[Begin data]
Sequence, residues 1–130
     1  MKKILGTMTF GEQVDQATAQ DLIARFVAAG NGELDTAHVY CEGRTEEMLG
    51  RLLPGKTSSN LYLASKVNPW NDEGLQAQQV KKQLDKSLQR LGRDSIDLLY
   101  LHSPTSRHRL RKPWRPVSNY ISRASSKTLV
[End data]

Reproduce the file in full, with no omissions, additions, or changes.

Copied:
Sequence, residues 1–130
     1  MKKILGTMTF GEQVDQATAQ DLIARFVAAG NGELDTAHVY CEGRTEEMLG
    51  RLLPGKTSSN LYLASKVNPW NDEGLQAQQV KKQLDKSLQR LGRDSIDLLY
   101  LHSPTSRHRL RKPWRPVSNY ISRASSKTLV